LeT, JeM joined forces for fidayeen attack attempt in Srinagar: Officials

BK Online Srinagar
February 14, 2018 BREAKING NEWS 258 Views

Militants from the Lashkar-e-Taiba (LeT) and the Jaish-e-Mohammed (JeM) met just days before a fidayeen attack on a CRPF camp in Srinagar on February 12, suggesting the strike might have been the result of a rare collaboration between the two principal terror organisations in the region, intelligence officials said on Tuesday.

While there have been occasions where the LeT provided logistical support to home-grown militant groups such as the Hizbul Mujahideen, it’s collaboration with JeM signals a shift in the Valley’s insurgency landscape, the officials said.

“A day before the attack in Srinagar’s Karan Nagar area, local police sent information about a meeting that had taken place in south Kashmir’s Tral area on February 1 between LeT and Jaish militants. It was decided to carry out a terrorist attack on SFs (security forces) in downtown Srinagar and in Baramulla town,” according to a report sent to the Jammu and Kashmir police by state intelligence agencies.

The report, which has been seen by HT, warned of an attack in the “next three days”.

The LeT had taken responsibility for the Srinagar attack, which was carried out just a day after the JeM attacked a military base in Jammu, killing six soldiers and a civilian.

A senior Jammu & Kashmir police official, who asked not to be named, said, “Information about the joint meeting was forwarded by state intelligence agencies and shared with all security forces in the Valley.” The intelligence received said that at least one militant from each outfit met in Tral, the hometown of slain Hizbul Mujahideen commander Burhan Wani.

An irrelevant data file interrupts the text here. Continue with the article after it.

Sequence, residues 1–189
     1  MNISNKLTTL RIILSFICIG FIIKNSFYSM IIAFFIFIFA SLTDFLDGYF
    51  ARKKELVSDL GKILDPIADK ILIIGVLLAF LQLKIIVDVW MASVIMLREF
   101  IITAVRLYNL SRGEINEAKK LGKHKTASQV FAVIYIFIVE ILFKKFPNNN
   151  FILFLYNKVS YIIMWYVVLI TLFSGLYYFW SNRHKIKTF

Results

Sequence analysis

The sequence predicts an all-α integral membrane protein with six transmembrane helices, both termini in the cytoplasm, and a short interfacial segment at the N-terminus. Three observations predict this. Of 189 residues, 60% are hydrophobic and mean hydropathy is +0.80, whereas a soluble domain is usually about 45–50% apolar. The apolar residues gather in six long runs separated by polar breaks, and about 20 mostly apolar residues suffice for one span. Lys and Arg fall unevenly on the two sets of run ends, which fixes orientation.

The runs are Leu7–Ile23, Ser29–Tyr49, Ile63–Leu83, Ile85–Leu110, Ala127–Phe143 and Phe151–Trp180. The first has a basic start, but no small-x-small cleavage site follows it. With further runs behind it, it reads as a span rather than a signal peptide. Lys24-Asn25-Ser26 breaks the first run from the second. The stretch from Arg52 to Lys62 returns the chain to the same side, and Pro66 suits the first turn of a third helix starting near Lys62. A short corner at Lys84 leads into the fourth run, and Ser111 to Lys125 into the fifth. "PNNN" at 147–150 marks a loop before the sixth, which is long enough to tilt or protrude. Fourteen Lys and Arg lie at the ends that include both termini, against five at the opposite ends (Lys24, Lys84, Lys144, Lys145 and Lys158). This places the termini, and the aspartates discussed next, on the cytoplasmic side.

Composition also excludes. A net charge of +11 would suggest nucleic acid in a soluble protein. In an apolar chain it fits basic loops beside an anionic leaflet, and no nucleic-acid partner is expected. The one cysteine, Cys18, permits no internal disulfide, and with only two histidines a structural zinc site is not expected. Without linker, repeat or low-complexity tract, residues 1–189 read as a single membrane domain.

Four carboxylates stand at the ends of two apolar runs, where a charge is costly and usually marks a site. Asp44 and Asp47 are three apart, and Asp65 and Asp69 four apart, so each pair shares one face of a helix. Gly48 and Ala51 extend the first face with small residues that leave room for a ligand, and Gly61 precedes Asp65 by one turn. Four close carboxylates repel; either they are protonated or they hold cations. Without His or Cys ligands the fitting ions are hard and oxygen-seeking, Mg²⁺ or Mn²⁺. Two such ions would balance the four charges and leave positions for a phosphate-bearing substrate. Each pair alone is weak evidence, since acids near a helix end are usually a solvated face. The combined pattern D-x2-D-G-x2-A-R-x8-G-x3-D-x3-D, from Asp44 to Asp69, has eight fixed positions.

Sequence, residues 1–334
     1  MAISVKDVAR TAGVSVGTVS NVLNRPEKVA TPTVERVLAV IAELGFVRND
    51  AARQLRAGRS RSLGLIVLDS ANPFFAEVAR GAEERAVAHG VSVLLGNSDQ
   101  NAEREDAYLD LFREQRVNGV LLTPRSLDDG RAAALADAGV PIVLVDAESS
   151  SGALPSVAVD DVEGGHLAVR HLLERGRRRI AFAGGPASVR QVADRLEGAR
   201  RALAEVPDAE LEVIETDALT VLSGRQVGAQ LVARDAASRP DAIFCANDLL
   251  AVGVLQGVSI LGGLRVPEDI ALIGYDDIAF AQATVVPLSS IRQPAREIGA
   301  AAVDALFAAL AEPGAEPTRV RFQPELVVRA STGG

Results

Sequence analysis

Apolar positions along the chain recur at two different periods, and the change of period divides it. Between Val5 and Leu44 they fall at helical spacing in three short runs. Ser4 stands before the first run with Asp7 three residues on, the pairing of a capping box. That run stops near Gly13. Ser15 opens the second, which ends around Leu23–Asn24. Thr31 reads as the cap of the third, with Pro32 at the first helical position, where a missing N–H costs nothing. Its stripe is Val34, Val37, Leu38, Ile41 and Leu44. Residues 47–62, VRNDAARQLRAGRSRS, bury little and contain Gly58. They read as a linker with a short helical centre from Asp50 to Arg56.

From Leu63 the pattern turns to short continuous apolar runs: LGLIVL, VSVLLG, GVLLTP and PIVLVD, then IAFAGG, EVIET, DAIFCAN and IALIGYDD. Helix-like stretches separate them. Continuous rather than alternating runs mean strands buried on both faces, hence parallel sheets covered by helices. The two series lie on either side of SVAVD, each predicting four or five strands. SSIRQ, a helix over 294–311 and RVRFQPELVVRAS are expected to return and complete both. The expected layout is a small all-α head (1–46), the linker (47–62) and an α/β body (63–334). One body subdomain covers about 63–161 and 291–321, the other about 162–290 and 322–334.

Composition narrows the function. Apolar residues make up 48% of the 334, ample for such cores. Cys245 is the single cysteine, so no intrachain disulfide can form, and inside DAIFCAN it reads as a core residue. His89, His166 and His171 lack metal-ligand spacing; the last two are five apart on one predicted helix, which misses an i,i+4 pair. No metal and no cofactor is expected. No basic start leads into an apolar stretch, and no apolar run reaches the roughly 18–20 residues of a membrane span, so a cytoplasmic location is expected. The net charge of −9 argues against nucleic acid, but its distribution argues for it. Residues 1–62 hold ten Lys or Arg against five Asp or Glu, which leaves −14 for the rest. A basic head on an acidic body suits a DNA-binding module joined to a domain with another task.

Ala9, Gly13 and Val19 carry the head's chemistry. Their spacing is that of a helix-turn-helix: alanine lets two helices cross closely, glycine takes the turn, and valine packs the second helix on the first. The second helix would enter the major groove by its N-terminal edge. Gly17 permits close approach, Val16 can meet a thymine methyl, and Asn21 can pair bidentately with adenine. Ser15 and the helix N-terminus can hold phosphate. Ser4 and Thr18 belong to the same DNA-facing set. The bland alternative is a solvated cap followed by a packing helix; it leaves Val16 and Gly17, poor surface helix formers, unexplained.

One Central Reserve Police Force (CRPF) trooper was killed in the Karan Nagar attack by two militants, who were neutralised after a 32-hour gunbattle that ended on Tuesday.

 Senior government officials said the LeT-JeM meeting before the attack could be interpreted in two ways. First, JeM and LeT may together to carry out similar fidayeen attacks; second, the JeM may slowly take up space occupied by LeT because the latter has come under repeated international scrutiny.

Ajai Sahni, the executive director of the New Delhi-based Institute for Conflict Management, said that, as per his knowledge, this was the first time the two militant outfits had planned an attack together.

“The LeT and JeM are considered sort of rivals in their field of operation,” Sahni said. “A joint planned attack is unheard of, but I feel that this could be another ISI (Pakistan’s Inter-Services Intelligence) plot to give prominence to one militant group and take the heat off the other,” Sahni added.

“The late 1990’s saw a lot prominence being given to Lashkar, following which the JeM came into the picture. Then in 2016, the Hizbul Mujahideen was being projected, and now the attention is back on JeM. Handlers in Pakistan do it for reasons of their own,” Sahni said.

A senior government official, who asked not to be named, said the home ministry was keeping a close watch. He said the joint meeting could be a repetition of what happened with JeM’s predecessor Harkat-ul-Mujahideen.

“The JeM was formed by former Harkat militants and if LeT and JeM are joining hands, it is possible that the former might take a back seat, but not immediately,” the official said.

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